Not so many of us have the heart to jump onto a stranger and start a conversation.
We could probably be a little less distressed to ask for a small help, but when it’s down to laying a foundation for friendship, it could be a cold-blooded massacre.
Writing a cold DM to a stranger on social media is not far in retrospect.
But it could open new doors to friendships, partnerships, relationships, jobs, sales, and so on.
But it starts with a first step, the first DM.
And that’s where the work’s hard.
When you set to write a DM to a stranger, depending on your purpose of writing, questions like how do I start springs.
You begin to wonder how to say the words you want to say in a way that would make them reply.
You begin to wonder how to place your compliment genuinely so it won’t sound flattery.
In this article, you’ll learn just how to be worry-free and write extremely polite DMs that get you what you want.
1) Introduce Yourself
This is where it starts.
A brief talk about you.
You’re gentle and nice, you don’t like sticking your nose outside the window, you don’t like to bore other people, and you’re honest as much as you love honest people.
You won’t tell all these about yourself, but that is how you should introduce yourself: Gentle and kind, brief and honest.
There’s no need to labor over how you write your introduction. You’ve got a name and a thing that you do, that’s your intro.
As simple as:
“My name is Thomas Jefferson. I am a copywriter here at Dixcover Technologies.
“I am Helen Daniels. I am a Digital Marketer, Copywriter, and Digital Strategist.”
Cut out the hundreds of years you’ve been writing copies or the number of amazing clients you’ve worked with.
A time will come for that, but in your first DM, you want to sound as cool and as casual as possible.
Too much portfolio here makes you look like one of those other a** holes.
2) What Piqued Your Interest?
It’s going to be in your interest and the interest of your receiver to keep your message short and punchy.
Without rambling, what you do next is commend on what piqued your interest about the person you are writing to.
Genuine compliments can get people to smile genuinely and they can open doors for you.
Giving a genuine compliment has nothing to do with your character or honesty. It has nothing to do with your sanity or insanity.
Many times we have seen truthful compliments taken for flattery. And many times we have seen players and tricksters who make people grin with their art.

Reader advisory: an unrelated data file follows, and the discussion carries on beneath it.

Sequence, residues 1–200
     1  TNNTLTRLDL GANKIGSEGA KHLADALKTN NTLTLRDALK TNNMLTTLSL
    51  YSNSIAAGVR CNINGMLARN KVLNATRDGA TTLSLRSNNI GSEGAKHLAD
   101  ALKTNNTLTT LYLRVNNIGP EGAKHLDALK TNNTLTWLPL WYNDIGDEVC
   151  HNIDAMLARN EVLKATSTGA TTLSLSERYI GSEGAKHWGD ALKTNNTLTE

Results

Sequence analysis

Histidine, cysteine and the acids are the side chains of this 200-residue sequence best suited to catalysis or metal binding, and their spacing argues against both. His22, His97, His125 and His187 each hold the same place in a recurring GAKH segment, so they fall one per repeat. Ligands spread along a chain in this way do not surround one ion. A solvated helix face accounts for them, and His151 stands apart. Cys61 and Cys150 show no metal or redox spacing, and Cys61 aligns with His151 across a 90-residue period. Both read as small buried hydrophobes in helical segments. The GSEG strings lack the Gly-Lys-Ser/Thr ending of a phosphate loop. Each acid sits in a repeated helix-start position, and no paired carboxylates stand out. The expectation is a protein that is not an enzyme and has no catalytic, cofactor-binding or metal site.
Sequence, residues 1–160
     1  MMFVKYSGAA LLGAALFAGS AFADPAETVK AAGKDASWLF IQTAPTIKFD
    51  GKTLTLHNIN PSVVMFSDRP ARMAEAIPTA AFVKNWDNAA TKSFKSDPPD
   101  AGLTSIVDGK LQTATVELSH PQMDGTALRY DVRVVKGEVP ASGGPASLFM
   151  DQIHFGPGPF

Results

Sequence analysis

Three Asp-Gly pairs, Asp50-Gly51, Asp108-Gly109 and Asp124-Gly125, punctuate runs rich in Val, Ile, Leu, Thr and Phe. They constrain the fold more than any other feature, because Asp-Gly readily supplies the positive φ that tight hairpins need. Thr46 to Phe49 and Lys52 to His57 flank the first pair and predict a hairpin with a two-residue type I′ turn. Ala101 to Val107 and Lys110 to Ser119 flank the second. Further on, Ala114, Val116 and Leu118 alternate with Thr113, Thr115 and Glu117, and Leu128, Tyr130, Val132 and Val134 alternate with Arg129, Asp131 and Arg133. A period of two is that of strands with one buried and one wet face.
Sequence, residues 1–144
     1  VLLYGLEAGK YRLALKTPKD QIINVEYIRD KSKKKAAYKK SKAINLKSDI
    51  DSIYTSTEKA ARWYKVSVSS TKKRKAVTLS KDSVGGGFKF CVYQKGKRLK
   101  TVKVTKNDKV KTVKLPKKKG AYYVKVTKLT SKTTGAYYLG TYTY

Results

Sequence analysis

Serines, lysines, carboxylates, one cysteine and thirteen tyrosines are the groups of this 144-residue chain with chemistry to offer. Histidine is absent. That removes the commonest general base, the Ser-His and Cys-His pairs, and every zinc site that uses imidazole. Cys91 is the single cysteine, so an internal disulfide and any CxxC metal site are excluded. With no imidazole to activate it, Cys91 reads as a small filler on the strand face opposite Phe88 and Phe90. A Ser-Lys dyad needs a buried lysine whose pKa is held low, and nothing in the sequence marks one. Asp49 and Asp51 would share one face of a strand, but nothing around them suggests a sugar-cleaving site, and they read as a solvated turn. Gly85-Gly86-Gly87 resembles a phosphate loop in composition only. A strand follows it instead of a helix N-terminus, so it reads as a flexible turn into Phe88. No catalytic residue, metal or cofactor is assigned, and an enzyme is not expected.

There’s a simple art to it, and here’s it:
Be specific with your compliment.
I love your hair is not a great compliment. Telling what you love about the hair is.
Don’t commend the way they do their business. Commend the hard work they put into bringing the most sought-after speakers on their podcast.
Don’t commend their entire marketing strategies. commend their intelligent mix of science and psychology in their recent marketing video.
Be specific. There’s truth in specificity. It tells the people you contact that you know them and that you mean what you said.
Lastly, it’s time to ask for the meeting, the connection, or whatever you want.
Not every DM you send requires a reaction. You might want to reach out purely for compliment purposes. That’s fine. You can skip this step.
If your DM requires a reaction from the other end, you must make your ask as natural and polite as possible. It should contain a clear and simple reason why you want to meet or connect.
If you’d be willing to share a few minutes next week, I’d love to catch up with you to talk about your copywriting successes.
Would you be willing to hop onto my podcast next week? My audience would be thrilled to learn from you.
These aren’t terrific examples. The keyword, however, is to keep it simple.
Writing a DM to a stranger might not be the sexiest thing to do in the world. But it’s a beautiful way to make new friends and attract amazing people into your cycle.
You don’t have to over-decorate your DM with grammar and powerful techniques like sales pitches.
it’s a conversation, and you should enjoy starting it.
Remember it’s nothing more than a short introduction, a specific compliment about what piqued your interest, and a polite ask.